In any other summer, what happened in Wildwood on Sunday wouldn’t have looked so remarkable.
A blue and yellow tram rolled over the gnarled planks of the promenade, carrying passengers who looked grateful to stand up. People would tie beach chairs on their backs and take a long, long, long walk across the sand to the shallow edge of the ocean. Children ran screaming through the arcades and strangers sat next to each other in restaurants, lost in conversation.
This has always been part of the attraction of the Shore, the promise of rediscovering familiar scenes, of being able to retrace the traces of your childhood, and also those of your parents and grandparents.
Predictability is usually not exciting. But there was a palpable sense of joy and relief at those little moments over the holiday weekend, more than a year after the COVID-19 pandemic shredded our sense of normalcy and claimed the lives of more. of 600,000 Americans.
“It’s like day and night,” said Pete Byron, mayor of Wildwood. “Last summer everyone had to wear the mask. You couldn’t eat inside. This summer, it’s pretty much back to normal.
Although only small handfuls of people can still be seen wearing masks as they strolled along the boardwalk – New Jersey lifted its indoor mask mandate in May – the pandemic was not far from it. nobody’s mind.
The virus, of course, has not gone away. Dangerous variants continue to circulate and the country has failed to meet President Joe Biden’s target of having 70% of adults vaccinated by July 4.
“If you haven’t been vaccinated,” Biden tweeted Sunday night, “please do it now. It’s the most patriotic thing you can do.
Signs on a small arcade invited passers-by to “Pound the Coronavirus” – in this case, a red punching bag that measured the power of a puncher. Joe McKee of Philadelphia walked over to the ride, loosened his shoulders and buried his right fist in the bag.
“I’ve had [the virus] two months ago, ”said the 17-year-old. “I didn’t really get sick. I just lost my sense of smell. But my whole family got it.
James Beck and his wife, Shirley, said the coronavirus didn’t stop them from visiting Wildwood last summer; they have been regular visitors for 53 years.
They continue to wear masks with them, in case they venture into overly crowded spaces, but were happy to focus more on being able to take their five great-grandchildren for a walk.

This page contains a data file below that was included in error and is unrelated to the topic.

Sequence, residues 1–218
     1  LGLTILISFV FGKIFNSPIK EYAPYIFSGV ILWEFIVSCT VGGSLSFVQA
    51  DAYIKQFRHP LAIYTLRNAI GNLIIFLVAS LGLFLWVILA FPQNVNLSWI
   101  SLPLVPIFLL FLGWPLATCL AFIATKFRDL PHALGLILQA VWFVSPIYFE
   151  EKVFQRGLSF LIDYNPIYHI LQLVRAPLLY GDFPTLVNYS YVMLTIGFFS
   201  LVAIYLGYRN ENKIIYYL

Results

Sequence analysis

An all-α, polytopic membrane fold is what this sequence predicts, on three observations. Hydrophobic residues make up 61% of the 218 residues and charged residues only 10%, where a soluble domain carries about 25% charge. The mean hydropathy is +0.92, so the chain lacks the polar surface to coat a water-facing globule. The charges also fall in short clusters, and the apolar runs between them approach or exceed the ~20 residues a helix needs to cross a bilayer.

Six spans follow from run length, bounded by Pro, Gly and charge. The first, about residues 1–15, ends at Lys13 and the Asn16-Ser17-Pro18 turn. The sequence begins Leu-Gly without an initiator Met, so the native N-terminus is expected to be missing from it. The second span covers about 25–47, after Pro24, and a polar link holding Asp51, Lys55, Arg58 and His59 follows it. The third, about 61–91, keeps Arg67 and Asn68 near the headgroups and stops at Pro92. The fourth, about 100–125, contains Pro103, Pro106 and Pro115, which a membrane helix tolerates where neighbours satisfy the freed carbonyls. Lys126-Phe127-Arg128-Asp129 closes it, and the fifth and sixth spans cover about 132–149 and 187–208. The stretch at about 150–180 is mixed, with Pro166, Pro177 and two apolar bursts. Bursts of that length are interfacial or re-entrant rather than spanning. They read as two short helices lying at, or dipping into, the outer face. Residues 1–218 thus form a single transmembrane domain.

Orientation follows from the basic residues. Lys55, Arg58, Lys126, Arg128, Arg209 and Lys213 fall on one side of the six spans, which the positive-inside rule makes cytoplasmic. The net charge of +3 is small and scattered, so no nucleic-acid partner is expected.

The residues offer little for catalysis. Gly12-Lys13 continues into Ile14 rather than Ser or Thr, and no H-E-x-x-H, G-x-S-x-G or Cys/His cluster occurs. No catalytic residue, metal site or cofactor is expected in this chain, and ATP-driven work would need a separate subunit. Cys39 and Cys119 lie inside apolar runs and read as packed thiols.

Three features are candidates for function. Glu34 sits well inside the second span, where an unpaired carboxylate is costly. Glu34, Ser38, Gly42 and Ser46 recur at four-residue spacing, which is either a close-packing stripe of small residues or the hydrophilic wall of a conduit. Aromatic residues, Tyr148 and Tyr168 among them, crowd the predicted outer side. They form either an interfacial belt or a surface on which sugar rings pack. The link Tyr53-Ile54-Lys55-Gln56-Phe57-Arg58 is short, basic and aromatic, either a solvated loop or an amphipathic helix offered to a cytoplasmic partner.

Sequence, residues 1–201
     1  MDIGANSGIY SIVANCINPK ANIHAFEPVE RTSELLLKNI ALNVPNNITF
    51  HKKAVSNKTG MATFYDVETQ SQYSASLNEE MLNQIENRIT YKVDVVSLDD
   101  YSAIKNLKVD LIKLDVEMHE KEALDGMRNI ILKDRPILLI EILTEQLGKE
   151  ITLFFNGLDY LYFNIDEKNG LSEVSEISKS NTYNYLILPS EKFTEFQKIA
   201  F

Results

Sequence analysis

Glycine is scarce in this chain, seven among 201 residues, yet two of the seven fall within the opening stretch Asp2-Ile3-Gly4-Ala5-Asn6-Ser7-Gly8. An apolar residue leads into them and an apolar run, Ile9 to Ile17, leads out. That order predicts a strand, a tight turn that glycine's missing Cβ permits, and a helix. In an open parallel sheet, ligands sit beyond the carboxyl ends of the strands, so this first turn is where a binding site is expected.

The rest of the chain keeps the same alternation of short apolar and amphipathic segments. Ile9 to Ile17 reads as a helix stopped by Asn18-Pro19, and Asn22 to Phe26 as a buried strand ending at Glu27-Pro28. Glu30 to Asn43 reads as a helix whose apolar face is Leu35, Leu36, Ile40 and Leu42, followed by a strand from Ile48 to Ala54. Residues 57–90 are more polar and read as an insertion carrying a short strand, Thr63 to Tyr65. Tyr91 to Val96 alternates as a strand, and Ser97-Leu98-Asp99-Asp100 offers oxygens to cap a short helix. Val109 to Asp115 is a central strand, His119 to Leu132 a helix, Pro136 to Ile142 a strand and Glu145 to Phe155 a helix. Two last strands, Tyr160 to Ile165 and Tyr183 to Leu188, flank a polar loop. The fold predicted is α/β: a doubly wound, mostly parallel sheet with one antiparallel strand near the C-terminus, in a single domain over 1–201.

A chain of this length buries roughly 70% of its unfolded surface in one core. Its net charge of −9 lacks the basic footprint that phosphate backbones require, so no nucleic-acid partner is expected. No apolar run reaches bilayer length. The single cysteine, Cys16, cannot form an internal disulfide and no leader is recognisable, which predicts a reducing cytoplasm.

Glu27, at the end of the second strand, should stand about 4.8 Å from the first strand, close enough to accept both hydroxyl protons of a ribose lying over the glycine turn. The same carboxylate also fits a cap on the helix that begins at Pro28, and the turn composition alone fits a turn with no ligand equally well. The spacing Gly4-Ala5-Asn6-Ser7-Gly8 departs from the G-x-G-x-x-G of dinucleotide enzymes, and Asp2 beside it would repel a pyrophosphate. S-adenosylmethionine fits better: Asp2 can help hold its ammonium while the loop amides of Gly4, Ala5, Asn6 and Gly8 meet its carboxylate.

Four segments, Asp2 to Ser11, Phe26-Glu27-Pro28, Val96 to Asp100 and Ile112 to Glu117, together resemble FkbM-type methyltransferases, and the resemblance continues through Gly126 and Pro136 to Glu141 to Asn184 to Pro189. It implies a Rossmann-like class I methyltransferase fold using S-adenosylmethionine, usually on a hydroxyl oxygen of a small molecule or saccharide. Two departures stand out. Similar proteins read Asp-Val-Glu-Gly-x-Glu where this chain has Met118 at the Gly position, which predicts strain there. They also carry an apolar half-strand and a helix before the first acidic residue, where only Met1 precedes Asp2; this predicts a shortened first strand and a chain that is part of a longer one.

“I always go on the carousel with the little ones,” said Shirley Beck. “But, above all, we emphasize [at other rides] and say, ‘See? Pop and I used to do this.
“Now we’re not doing it,” James said, “because look at these lines! “
As a steady breeze blew across the boardwalk, Mike O’Neill walked away from the beach with his wife, Heather, and their children Abigail, 5, and Michael, 8, after already spending several hours under the Sun. The family took a day trip from Levittown.
“It really brings me back to being a kid,” said O’Neill, 48, whose childhood summers were spent in Wildwood.
As her daughter announced some activities she hoped to follow – lunch, then maybe a few rides? – O’Neill recalled the long-gone landmarks on the boardwalk: the haunted house on Morey’s Pier and the towering Dracula’s Castle at Midway Pier, which was destroyed in an arson attack in 2002.
The landscape continues to change. A Stewart’s Root Beer shop on the promenade that was driven from business by the pandemic is now Papi’s Tacos.
“We were hit pretty hard last year. People weren’t allowed to sit inside, ”said Tyler Dougherty, 18, manager at Papi’s. “Now business is pretty stable. It feels good, but it’s exhausting.
The pandemic, Byron said, had been more favorable to restaurants that were still take-out-only establishments. Now that the indoor crowds have returned, some are struggling to hire kitchen staff.
He didn’t seem to lack help inside Sam’s Pizza Palace. The iconic store had a constant flow of walk-in customers at lunchtime, and employees were counting the hours until 5 p.m., when its aqua and orange dining room usually fills to capacity.
“It’s good to see all of our repeat customers again,” said Anthony Zuccarello, whose father-in-law, Sam Spera – the store’s founder and namesake – passed away in March. “We were a little worried last year when we were limited to take out.”
Late in the afternoon, Daniel Araujo wore the face of a happily exhausted father as he led his daughters Gabriella, 12; Éliane, 11 years old; and Ty-Ty, 5, at the top of a wooden staircase that connected the beach to the promenade.
They had left their Bronx, NY home a few days earlier to spend the vacation weekend at The Shore.
“We did it all,” said Araujo, 58, laughing. “The beach, the water park, the rides. I just want a cold beer and a hot dog.
It wasn’t much to ask, not really. But then the simple pleasures now seem so much sweeter.